hair pulling woman.jpg

Motions to compel further responses to interrogatories, requests for productions of documents and requests for admissions require that the motion be filed within 45 days. CCP §§ 2030.300(c), 2031.310(c) and 2032.290(c)  Delaying the filing of the motion waives a party’s right to compel further responses. The case of Vidal Sassoon, Inc. v. Superior Court (1983) 147 Cal. App. 3d 681 (pdf) at 685 (Pre-1986 Discovery Act) takes the position that the court lacks jurisdiction to order further responses after time has expired. The Second District Court of Appeal upheld this rationale in Sexton v. Superior Court (1987) 58 Cal. App. 4th 1403 (pdf), 1410.

Weil and Brown Civil Procedure Before Trial (TRG 2009) §8:1150 suggests that you may be able to obtain relief under C.C.P. Section 473(b) which allows for relief generally from “any judgement, order or other proceeding” on a showing of “mistake, inadvertence, surprise or excusable neglect” citing Zellerino v. Brown (1991) 235 Cal. App. 3d 1097 (pdf).  In that case the Court of Appeal stated that relief can be obtained under CCP § 473(b) when the Discovery Act does not provide a remedy. However, Zellerino involved experts and none of the cases citing Zellerino involved the 45-Day Rule.  To date, I have never heard anyone being successful and after 20 years of the Discovery Act, I seriously doubt that any court would give relief under CCP § 473.

So now what do you do? The answer is another discovery device. In Carter v. Superior Court (1990) 218 CA3d 994 (pdf) the court held even though a party had missed the deadline for compelling inspection of documents under C.C.P. Section 2031 it did not bar him from requesting the same documents be brought to a deposition. Therefore, you can serve any of the following discovery devices and pretty much get the same result:

  • Interrogatories–Use requests for admissions coupled with Form Interrogatory 17.1 and request for documents.
  • Request for Production of Documents –Use deposition notices with a document requests, corporate deposition notices with a document request and/or third party subpoena for deposition with documents.
  • Request for Admissions –use special interrogatories or deposition notices

One thing you can’t do is reserve the same interrogatories, requests for documents and/or requests for admissions and “reset the clock.”  Sexton at 1408 citing Professional Colleges, Magna Institute, Inc. v. Sup. Ct. (1989) 207 CA 3d 490.

Your other alternative is let the objections stand.  Then at trial serve a motion in limine excluding all evidence that was not produced in discovery. If a party does not cough up the info during discovery they can’t use it at trial.

These are a few suggestions on the dreaded draconian 45-Day Rule. Does anyone have any more?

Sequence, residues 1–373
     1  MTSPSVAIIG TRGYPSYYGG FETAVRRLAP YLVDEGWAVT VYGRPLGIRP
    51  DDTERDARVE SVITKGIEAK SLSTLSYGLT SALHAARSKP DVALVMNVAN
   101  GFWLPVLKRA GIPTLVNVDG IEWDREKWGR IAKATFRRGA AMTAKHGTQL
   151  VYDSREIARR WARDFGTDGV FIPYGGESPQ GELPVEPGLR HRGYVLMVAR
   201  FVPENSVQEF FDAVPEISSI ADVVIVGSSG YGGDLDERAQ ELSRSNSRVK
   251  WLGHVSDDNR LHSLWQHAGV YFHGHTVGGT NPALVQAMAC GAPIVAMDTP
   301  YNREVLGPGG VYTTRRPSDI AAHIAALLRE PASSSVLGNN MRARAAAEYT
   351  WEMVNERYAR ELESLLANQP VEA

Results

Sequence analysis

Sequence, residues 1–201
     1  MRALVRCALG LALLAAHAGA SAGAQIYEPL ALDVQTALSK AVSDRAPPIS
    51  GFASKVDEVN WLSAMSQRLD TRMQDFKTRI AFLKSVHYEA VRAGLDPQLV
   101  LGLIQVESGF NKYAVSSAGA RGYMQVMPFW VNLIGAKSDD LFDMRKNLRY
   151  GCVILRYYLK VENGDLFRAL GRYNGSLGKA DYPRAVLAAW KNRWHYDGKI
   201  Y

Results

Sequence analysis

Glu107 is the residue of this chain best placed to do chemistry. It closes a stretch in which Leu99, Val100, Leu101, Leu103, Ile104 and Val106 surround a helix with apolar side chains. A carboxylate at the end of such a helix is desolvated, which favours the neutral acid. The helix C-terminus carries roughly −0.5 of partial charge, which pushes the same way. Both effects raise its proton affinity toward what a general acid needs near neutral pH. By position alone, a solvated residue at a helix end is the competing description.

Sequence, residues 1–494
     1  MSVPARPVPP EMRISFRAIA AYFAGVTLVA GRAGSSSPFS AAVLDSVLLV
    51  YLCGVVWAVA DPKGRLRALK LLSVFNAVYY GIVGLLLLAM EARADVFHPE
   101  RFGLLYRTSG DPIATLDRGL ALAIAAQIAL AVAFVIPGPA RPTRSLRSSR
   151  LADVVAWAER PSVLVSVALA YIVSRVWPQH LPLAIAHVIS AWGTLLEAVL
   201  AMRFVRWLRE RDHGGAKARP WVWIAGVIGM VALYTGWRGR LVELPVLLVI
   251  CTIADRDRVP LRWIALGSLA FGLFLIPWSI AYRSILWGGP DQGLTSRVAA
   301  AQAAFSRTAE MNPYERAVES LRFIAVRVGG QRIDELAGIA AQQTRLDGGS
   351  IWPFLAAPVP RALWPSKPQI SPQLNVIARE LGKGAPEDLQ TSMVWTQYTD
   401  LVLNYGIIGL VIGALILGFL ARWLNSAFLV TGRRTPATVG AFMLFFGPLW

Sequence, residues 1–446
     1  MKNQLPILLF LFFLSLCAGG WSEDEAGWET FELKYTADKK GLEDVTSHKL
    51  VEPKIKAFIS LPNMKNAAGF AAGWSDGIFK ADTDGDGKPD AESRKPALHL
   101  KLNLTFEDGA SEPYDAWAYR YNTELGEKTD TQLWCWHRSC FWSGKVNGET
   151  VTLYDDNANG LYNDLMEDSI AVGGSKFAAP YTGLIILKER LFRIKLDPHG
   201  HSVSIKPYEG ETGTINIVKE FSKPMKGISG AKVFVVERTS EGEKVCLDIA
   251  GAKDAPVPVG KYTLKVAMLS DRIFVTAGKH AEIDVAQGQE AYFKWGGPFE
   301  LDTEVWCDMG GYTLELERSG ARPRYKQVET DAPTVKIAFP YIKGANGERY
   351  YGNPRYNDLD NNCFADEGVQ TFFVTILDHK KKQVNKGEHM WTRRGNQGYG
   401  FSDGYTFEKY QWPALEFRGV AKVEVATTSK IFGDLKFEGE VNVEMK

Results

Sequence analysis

• Katherine:

    As a Los Angeles defamation lawyer, I love your blog. It’s extremely practical and insightful. So if I ready this post correctly, you can serve form rogs or specials rogs together with a deposition notice and the deponent needs to provide answers at the deposition? Is that true? If so, do you have to wait 35 (30 +5) days to take the depo or can you do it in 15 (10 + 5).

  • Peter

    Adrianos – I believe what Katherine is saying is that if you have failed to obtain responses to one form of discovery, you can obtain those responses through another form of discovery. For instance, if your 45 day time limit has lapsed for a Motion to Compel responses to Interrogatories, and there has been no satisfactory response, why not just serve a deposition notice and ask the exact same questions there? Or, you can serve a Request for Admissions that mirror the interrogatories, and attach Form Rog 17.1 for the same result.

    The most powerful tool for discovery workarounds is the Notice of Deposition with Request for Production. When you have less than thirty days before the discovery cutoff, a Notice of Deposition can serve as a suitable replacement for Request for Admission, Interrogatories, or a Request for Production. The only problem is when you have already deposed the person with the answers – so, then you use a Person Most Knowledgeable deposition notice (assuming you have a business entity party) or a deposition of a third party that has the same info.

  • Thanks for the response, Peter.

  • Does anyone know the proper procedure to bring a third party corporate PMK to trial in a State Court action in California. I have a trial and need to get a witness from a third party non defendant corporation subpoenaed to trial. Do I need to serve the individual personally or could I serve the corporations agent for process? Same thing with corporate officers of the third party non defendant corporation.

  • Sharon
  • CCP Section § 2031.310.(c) states “Unless notice of this motion is given within 45 days of the service of the response, or any supplemental response, or on or before any specific later date to which the demanding party and the responding party have agreed in writing, the demanding party waives any right to compel a further response to the demand.”

    CCP Section 1005(b) states that “Unless otherwise ordered or specifically provided by law, all moving and supporting papers shall be served and filed at least 16 court days before the hearing”.

  • Sarah

    I have a motion to compel set tomorrow and am wrestling with the “notice” requirement under CCP for the motion. In this context, does “notice” mean that the motion has to have been SERVED within the 45 day window, or simply filed with the court?

  • Yes.

  • Nikki

    When parties stipulate to an extension to supplement responses before OPC will file a motion to compel, and you send supplemental responses on the date of the extension, is this timely? Do you get 5 days for delivery?